Of course I took the opportunity to do a sketch of him while he spoke.


Saturday, September 13, 2014

A Day at the Boston Museum of Fine Art

The Visual Art faculty to all the first year students from the Visual Arts Department at Lyndon State College  to the Boston Museum of Fine Arts yesterday. I took the opportunity to demonstrate sketching to the Animation and Illustration students while we were in the Impressionist Room. It was fun to see them take to sketching so quickly. While no one was around Degas Sculpture, The Little Fourteen-Year-Old Dancer I quickly sketched the room. When Someone came to look at it, I quickly drew them in before they moved on. 

I was also able to see a James Montgomery Flagg's print of the “I Want You” poster and J.C. Lyendecker's print of the US bond poster. It was incredible seeing them up close. I learned so much about their brush strokes.

Wednesday, September 3, 2014

Sketches of Vermont



Over the Labor day weekend I spent some time eating at some great restaurants and sketching the towns. On Friday night Julia and I went to Newport and ate at The East Side Restaurant. It is located along Lake Memphremagog. The bottom sketch is the view of Newport form our table on the deck. I was grateful for the view of the lake, the beauty of the surroundings and more importantly the time with Julia.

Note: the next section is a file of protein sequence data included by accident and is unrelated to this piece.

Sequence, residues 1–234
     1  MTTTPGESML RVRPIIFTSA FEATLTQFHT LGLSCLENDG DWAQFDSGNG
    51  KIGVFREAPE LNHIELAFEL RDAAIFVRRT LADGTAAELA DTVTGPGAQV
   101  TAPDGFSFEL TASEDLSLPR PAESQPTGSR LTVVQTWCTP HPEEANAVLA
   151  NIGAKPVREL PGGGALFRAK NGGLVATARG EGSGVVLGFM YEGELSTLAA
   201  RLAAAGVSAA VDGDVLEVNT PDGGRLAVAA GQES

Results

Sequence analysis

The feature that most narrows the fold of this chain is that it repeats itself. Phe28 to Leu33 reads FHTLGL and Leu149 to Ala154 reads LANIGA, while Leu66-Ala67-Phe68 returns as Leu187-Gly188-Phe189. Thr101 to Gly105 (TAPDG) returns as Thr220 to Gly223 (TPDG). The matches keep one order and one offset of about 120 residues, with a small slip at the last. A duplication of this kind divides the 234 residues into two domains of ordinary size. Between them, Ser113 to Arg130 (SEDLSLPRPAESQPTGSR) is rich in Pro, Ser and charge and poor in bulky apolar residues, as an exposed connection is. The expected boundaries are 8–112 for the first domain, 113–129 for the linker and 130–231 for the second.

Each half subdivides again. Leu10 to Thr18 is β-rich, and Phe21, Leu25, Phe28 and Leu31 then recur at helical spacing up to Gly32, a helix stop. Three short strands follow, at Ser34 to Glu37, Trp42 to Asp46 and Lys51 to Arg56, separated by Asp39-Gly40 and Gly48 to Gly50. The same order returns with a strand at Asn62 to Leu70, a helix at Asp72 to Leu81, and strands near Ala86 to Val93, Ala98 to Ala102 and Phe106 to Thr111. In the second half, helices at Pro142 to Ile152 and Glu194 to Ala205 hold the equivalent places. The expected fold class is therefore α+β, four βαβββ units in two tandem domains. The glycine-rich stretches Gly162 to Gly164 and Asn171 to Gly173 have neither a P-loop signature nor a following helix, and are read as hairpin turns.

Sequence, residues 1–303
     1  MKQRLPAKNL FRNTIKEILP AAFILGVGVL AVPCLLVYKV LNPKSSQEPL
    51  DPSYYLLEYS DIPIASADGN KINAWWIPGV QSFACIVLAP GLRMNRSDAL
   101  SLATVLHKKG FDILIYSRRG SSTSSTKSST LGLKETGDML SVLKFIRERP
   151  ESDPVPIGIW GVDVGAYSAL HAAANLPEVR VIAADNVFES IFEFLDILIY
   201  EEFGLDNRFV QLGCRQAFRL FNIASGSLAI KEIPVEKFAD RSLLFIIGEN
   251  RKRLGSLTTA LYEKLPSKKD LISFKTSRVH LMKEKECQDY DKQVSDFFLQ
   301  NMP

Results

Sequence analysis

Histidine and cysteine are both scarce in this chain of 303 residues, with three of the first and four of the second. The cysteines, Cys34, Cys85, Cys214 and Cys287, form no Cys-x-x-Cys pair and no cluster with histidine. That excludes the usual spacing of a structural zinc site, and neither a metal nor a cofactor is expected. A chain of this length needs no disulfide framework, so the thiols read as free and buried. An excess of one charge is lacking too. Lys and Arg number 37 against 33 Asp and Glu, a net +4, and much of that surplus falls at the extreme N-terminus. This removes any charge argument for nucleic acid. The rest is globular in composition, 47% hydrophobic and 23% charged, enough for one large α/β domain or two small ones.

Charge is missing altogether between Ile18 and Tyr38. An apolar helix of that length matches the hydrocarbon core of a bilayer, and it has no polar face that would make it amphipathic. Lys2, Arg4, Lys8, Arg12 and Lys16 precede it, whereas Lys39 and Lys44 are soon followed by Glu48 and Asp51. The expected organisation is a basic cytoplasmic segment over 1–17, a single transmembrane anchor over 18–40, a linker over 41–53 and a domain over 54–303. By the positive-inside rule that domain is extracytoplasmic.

On Monday, after picking up illustrations for this weeks Vermont Illustration Exhibit in Montpelier, I took my two daughters to The Skinny Pancake and we had two great dessert crepes. The top sketch is the view of the capital building from our table outside. It was a wonderful day with my daughters.

Wednesday, August 27, 2014

Vermont Illustrators Exhibit

Next Thursday, September 4th at 6 pm will be the opening of the exhibit, Vermont Illustrators, in the Quimby Gallery at Lyndon State College. 

This has been something I have wanted to do for a number of years. I am excited to finally see it come about. I am also thrilled to exhibit my work alongside some great illustrators. They have all been wonderful to work with.

If you are in the area and can visit please do.

Wednesday, August 13, 2014

New Bow Tie Guy


I have found it helpful to take a break from all that is needed to do and just draw something for the pure enjoyment of drawing.

I like to add spot illustrations that relate to my classes on the syllabi. It is my fun way of branding myself and my classes. I like to see if the students get the connection between the illustration and the course and it is just fun.

For years I have had an old sketch on my Portfolio and Senior Thesis syllabi that I just didn't feel was the right fit. While feeling overwhelmed with planning for the semester and other stresses, I took a much needed break and drew this out. It had been floating around in my head for some time and needed to get to paper.

I also find drawing elephants particularly challenging. Every time I think I have them down I realize there is something new about their form. They are fascinatingly awkward and odd.